It remains an open question whether the Petaluma Bridge and Lakeview overpass will ever regain their traditional colony of 500-800 nests. When Cliff Swallows migrate to California from Central and South America, they often return to ancestral colonial breeding sites – the same sites where their parents and grandparents raised their young. But if an ancestral site is not successful for a swallow, it’s likely to abandon the site in the next breeding season.
As preeminent cliff swallow expert Charles R. Brown explains,
“Cliff swallows are similar to many other bird species in that they all have one simple rule: if unsuccessful at one place, avoid it in the future. If birds lose their nest, eggs, or young to predators, parasites, or storms, they immediately abandon the site for good. Natural selection favors those cliff swallows who never forget, whether in western Nebraska or San Juan Capistrano, Calif.” (See How Cliff Swallows Choose Where to Live for more info.)
This seems to be what happened with Mission San Juan Capistrano’s famous swallow colony. For over 100 years, on or near March 19, the Capistrano swallows returned from their wintering range 6,000 miles away in Argentina. But the Mission swallow colony has dwindled ever since nests were removed and excluded during preservation efforts in the early 1990s. While the swallows haven’t gone too far — colonizing nearby structures at a golf course, college, and various overpasses — some fear the Mission colony will never return to its prior numbers. Trying to bring back its famous birds, the Mission has even installed speakers that play a recording of the swallows’ courtship calls!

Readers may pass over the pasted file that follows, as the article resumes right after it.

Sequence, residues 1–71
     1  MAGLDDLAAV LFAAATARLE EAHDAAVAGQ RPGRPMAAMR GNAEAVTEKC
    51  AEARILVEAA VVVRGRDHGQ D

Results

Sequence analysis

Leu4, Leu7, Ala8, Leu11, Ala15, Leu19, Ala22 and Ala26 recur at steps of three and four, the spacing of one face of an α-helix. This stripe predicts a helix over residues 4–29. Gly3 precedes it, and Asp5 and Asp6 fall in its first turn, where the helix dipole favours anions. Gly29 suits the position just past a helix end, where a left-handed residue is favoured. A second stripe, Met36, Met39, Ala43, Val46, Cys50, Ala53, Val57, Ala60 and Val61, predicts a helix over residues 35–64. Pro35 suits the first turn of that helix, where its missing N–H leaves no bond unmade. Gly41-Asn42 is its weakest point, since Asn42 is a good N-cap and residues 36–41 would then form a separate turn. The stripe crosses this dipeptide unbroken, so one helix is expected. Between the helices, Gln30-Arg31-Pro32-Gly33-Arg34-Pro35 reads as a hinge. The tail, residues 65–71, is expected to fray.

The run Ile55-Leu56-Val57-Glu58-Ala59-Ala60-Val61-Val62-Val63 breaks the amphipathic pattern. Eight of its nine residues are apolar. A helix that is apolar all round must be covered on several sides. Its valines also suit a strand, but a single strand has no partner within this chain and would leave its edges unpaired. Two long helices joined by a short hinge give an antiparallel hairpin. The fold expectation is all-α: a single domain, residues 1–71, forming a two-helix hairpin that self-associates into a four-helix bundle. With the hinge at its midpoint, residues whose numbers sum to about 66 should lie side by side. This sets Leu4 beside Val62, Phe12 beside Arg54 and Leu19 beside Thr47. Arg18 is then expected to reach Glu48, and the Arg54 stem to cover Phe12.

Similarly, the Petaluma Bridge colony may suffer a permanent decrease in its numbers as a result of the construction and last year’s swallow kills. And while individual swallows have been observed nesting in the area, there does not appear to be an en masse movement of the colony, which may harm the population in the long run. Cliff Swallows are social creatures that prefer to nests in colonies as large as 6000 nests. Colonial living helps swallows find the swarms of insects that make up their diet: A colony member will watch out for neighbors that are successfully hunting and then follow the leader to the swarm. The more neighbors to serve as swarm-finders, the better!
How will Petaluma’s Cliff Swallows fare during the rest of this nesting season? And will the colony recover in future years? GGAS and its fellow plaintiffs will return to the site for another visit in a couple of months to see how the nests-in-progress have fared. We hope we will be able to view thriving swallow babies.
April Rose Sommer is an avid outdoorswoman, animal-lover, and conservationist born and raised in the East Bay. She practices environmental law at her firm Sommer Public Interest Law and advocates for birds and habitat protection on the GGAS Conservation Committee. Her birding skills are a work in progress but she enjoys caring for raptors and raising baby songbirds as a volunteer in the Lindsay Museum Wildlife Hospital.